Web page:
Exhibiting Pain


Please see the Exhibiting Pain site for my PhD research which is examining how creative representations of life with long-term physical pain are interpreted by audiences, using online social media exhibitions.


Chronic pain, my abusive partner

‘Friends’, partners, colleagues… I’ve encountered my share of abusive people. Some of whom I would go so far as to describe as being of a narcissistic personality type.

Then there is chronic pain.

Like narcissists, my pain is selfish, impulsive, controlling, manipulative. It must be heard and acknowledged. If I ignore it I do so at my own risk.

It consumes my thoughts, even my dreams sometimes. It undermines my confidence, makes me question my own memories and sanity, controls my social life, restricts my activities. I question my abilities and my potential; feel a failure when I cannot achieve something ‘normal’. I lose friends and potential partners. But worst of all, there are times when I lose sight of myself.

Chronic pain can be a pervasive consuming unrelenting force and the ultimate abusive partner.



I am not my pain but it makes me who I am

I am often struck by declarations that people are not defined by their condition, as though it is an entirely negative thing for it to be part of their identity. My view is a little different.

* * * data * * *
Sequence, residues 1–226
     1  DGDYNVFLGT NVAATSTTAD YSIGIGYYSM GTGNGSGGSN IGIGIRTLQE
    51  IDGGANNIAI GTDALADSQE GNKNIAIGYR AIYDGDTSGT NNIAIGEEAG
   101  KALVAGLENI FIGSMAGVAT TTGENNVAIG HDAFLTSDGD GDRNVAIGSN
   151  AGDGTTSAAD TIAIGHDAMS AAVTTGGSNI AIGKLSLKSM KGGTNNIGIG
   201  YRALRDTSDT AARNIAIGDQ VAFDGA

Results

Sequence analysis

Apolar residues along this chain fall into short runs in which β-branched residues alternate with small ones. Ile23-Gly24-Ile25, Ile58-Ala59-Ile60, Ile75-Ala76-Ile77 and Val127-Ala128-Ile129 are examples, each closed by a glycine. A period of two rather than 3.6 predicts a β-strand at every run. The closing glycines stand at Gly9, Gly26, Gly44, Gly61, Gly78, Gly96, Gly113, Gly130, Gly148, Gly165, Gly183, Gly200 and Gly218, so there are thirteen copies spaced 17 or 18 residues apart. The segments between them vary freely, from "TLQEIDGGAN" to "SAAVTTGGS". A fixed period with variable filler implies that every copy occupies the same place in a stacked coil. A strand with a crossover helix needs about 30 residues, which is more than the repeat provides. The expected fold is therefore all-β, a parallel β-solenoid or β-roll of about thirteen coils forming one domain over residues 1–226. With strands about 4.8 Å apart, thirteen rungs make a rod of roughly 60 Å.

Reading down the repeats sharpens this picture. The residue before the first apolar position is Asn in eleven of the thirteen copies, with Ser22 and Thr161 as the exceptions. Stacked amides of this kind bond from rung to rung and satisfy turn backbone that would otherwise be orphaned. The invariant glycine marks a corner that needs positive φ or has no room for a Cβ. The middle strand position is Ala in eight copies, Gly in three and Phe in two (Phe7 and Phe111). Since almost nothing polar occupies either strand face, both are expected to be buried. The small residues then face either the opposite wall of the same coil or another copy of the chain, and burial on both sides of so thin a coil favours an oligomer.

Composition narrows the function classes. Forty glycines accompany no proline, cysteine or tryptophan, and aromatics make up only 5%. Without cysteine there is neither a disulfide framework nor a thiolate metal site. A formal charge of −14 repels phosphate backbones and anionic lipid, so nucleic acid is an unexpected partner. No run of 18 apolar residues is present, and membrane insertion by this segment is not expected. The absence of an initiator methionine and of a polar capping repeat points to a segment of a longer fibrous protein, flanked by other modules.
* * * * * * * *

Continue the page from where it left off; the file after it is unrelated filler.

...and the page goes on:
It’s possible that growing up not knowing any different than bad hips and pain etc plays a part. I have no clear before and after identity.

Being rejected because of the pain I experience and the limitations this places upon my life (and those around me) has made me consider how much of me is rejected in the process. Of course, it is possible to say that someone should see ‘beyond’ my pain and disability. However it is that pain and disability that has shaped the person I am today, for better or worse. It will continue to shape the person I will become also.

It is one part of my identity and it frames my interactions with the world. This is not to say that my identity is defined by it or that I am my pain. Rather it is to say that if you reject my pain, you reject the person I am because of it.

I live with pain & that’s OK